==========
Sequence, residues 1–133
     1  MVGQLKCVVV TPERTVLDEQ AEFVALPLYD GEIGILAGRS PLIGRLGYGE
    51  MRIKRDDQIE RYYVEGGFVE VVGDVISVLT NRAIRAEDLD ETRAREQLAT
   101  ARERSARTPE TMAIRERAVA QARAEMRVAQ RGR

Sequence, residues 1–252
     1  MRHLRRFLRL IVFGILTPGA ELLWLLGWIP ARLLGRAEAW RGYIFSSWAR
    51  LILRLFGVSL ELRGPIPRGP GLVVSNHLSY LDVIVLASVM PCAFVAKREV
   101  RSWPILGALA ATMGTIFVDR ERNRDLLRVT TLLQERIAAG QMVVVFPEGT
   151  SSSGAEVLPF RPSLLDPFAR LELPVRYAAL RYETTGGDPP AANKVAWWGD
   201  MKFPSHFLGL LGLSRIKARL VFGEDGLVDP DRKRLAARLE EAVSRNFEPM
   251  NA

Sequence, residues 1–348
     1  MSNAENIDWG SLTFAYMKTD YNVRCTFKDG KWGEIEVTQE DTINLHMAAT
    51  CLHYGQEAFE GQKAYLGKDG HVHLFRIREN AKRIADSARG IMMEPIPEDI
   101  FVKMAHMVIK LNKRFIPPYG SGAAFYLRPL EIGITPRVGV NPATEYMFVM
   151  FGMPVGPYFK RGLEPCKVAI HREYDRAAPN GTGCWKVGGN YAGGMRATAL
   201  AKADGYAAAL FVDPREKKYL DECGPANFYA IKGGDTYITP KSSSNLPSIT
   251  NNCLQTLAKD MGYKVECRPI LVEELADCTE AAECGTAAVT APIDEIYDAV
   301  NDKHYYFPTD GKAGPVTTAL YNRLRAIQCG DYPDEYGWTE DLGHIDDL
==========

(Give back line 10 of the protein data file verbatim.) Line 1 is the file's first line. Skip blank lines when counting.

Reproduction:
   201  MKFPSHFLGL LGLSRIKARL VFGEDGLVDP DRKRLAARLE EAVSRNFEPM